On the racism side, Sterling's reputation is extremely established and well-known to those who follow the NBA, and those who follow the Clippers.  It is also known to many tenants of his various real estate holdings, and the local legal community as well.  Sterling has been known to spend large amounts of money glorifying himself in full-page LA Times advertisements detailing a new homeless center that has yet to be built, further frustrating the local citizenry.  He also has a dubious history with his NBA management staff, most notably the last two general managers who both sued for wrongful termination, one of which was NBA legend Elgin Baylor who was quoted as saying Sterling had a "vision of a Southern plantation-like structure" for the Clippers.  Baylor's lawsuit was dismissed but all of these things, to me, constitute smoke.  There was not "fire" to be found here until just last week, when Sterling was admittedly set up for a fall at his team's most critical time of year.  But circumstances around how this information came to light are irrelevant at this stage.  The question before the NBA now, and it is a question NBA Commissioner Adam Silver vehemently answered yesterday at his press conference, is how does the NBA deal with this guy now that it's impossible to ignore who he is and what he stands for?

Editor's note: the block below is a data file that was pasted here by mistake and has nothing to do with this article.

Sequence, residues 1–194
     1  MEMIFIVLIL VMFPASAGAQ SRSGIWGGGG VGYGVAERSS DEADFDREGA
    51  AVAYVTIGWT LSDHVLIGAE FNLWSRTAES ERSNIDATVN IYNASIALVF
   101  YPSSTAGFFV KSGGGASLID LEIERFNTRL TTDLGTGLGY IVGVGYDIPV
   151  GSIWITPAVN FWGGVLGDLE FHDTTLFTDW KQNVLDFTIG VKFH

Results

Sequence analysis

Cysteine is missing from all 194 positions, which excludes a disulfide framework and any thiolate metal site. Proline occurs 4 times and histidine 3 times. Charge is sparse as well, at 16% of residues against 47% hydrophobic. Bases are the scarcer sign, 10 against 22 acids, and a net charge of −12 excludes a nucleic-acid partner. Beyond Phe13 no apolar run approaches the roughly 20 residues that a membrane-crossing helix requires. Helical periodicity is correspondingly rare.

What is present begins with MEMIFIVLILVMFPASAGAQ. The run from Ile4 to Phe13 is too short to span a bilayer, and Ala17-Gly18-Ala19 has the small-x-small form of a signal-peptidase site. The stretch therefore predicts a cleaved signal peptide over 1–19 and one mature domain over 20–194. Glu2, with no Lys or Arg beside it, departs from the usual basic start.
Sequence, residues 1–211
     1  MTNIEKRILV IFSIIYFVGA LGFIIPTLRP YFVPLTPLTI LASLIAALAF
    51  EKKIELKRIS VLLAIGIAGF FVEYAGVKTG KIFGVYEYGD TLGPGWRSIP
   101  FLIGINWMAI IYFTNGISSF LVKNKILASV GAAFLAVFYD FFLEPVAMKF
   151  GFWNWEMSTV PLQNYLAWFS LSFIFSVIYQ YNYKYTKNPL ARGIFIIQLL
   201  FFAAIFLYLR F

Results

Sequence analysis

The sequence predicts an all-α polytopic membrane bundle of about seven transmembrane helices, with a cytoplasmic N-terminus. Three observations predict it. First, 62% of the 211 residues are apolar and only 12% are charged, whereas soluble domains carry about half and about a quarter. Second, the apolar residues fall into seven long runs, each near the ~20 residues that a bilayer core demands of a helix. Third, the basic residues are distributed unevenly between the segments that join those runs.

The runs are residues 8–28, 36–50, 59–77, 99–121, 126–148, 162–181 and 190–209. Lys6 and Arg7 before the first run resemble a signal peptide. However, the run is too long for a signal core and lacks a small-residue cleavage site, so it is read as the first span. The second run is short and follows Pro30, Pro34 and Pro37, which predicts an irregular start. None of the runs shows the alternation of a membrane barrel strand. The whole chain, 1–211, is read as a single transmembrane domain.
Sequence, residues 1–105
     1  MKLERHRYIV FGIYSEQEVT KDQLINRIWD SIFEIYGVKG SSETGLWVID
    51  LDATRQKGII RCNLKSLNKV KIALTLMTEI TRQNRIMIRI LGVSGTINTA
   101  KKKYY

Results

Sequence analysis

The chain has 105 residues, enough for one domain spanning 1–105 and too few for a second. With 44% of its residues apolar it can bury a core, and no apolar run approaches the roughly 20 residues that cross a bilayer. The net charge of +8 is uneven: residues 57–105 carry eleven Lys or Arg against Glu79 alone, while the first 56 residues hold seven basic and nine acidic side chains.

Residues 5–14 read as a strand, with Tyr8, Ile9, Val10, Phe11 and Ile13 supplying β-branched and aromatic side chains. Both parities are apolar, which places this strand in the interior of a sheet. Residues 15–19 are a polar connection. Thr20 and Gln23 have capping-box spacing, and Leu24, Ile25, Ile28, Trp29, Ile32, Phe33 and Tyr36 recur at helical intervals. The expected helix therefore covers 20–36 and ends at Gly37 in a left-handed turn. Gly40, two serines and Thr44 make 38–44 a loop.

The NBA, of course, has its own dubious racial past, but it takes someone much older to remember those days.  You have to talk to guys like Celtics great Bill Russell and legendary Laker Elgin Baylor to really get a sense for what it was really like playing in the NBA during Jim Crow, and during a time when it was just "understood" that the NBA is a white league and that each team was limited to two black players each.  Such was life in the 1950s and early 1960s NBA.  They have admittedly made many, many strides towards racial and cultural diversity since then, and can boast inclusion of African-Americans, foreign-born players, and in Jason Collins' case, openly gay players.  It is for this reason, I believe, that the NBA and Commissioner Adam Silver have chosen to make Donald Sterling and his racist comments/views an issue.  In short, I believe that this is an unprecedented fight that the NBA needs to have, for its legacy and future viability as a league going forward.